Smoking linked to increased risk of melanoma spreading
12 October 2017
Need another reason to quit smoking? New research has shown that melanoma patients who smoke have an increased risk of their disease progressing compared to patients who do not smoke.
An international collaboration of researchers, including a team from Melanoma Institute Australia, analysed data from two large clinical trials (MSLT-I and MSLT-II) to investigate whether there was any link between smoking and an increased risk of melanoma metastases (secondaries) in sentinel lymph nodes.
The study reviewed results for more than 4000 melanoma patients who were categorised as either current smokers, former smokers or those who had never smoked.
The analysis revealed that current smokers were significantly more likely to have a sentinel lymph node metastasis compared to former smokers or those who have never smoked.
Other characteristics that correlated with a poorer prognosis were also observed in smokers. Their primary melanomas were thicker and more were ulcerated in patients who smoked compared to those who had never smoked.
“These results suggest that smoking may promote early spread of melanoma to regional lymph nodes,” commented co-author and Senior Surgeon at Melanoma Institute Australia, Professor John Thompson.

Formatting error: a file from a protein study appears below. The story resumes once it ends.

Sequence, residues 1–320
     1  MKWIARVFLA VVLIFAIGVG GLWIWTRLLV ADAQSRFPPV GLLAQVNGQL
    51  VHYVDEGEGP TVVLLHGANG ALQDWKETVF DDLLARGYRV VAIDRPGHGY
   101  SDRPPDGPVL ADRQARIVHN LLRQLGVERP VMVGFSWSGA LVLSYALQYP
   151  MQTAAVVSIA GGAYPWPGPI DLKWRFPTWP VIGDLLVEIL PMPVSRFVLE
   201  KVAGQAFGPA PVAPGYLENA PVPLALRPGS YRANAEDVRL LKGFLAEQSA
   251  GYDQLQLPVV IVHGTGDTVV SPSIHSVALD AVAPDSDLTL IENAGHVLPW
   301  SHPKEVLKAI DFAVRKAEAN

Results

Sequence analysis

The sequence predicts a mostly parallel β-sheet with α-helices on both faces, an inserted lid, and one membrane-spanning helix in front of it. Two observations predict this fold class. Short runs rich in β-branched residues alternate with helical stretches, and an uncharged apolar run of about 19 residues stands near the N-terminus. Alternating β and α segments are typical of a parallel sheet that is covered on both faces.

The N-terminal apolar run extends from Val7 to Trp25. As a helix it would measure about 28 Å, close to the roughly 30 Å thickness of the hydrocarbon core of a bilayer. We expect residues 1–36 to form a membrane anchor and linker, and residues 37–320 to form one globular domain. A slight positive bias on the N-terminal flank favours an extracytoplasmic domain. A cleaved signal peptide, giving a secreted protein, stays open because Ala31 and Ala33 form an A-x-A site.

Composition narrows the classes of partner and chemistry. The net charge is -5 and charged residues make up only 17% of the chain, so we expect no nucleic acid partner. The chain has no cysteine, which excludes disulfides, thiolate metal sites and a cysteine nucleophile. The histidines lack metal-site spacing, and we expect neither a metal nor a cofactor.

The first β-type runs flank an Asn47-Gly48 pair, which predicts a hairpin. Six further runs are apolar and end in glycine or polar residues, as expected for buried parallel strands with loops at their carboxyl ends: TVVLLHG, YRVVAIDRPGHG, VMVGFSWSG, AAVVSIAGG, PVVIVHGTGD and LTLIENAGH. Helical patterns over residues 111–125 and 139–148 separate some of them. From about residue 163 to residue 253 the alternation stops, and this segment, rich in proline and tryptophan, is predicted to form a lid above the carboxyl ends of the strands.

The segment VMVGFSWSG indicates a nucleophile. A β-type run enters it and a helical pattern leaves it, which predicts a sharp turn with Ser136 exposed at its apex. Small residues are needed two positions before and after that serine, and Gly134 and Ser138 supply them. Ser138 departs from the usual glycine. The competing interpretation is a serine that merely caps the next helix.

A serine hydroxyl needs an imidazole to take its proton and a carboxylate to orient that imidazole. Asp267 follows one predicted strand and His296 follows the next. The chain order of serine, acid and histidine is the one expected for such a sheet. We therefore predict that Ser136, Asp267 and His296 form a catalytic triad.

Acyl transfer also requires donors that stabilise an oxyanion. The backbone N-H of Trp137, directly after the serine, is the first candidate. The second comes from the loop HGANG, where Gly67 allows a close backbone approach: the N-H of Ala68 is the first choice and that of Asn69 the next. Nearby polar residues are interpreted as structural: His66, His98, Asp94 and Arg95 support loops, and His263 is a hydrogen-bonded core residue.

“There is now enough evidence to advise patients that they substantially increase the risk of their melanoma spreading if they smoke.”
Although further investigation is needed to elucidate the exact mechanism responsible for this effect of smoking, we do know that it suppresses the immune system and creates a low oxygen environment around the tumour. This has been associated with increased metastasis and increased mortality in other cancers.
Further research is needed to investigate this link more thoroughly, but the information already available emphasises the importance of recording smoking status in research databases in the future.
“In the clinical trial setting, there has until now been little attention paid to whether or not a patient with melanoma smokes, although the information was often recorded,” stated Professor Thompson. “We now believe that smoking at the time of a melanoma diagnosis should be considered an important risk factor, and considered when stratifying patients entering clinical trials.”
“The bottom line is that smoking is bad for you for many reasons that have been well-documented previously,” he adds. “This is just another good reason to quit.”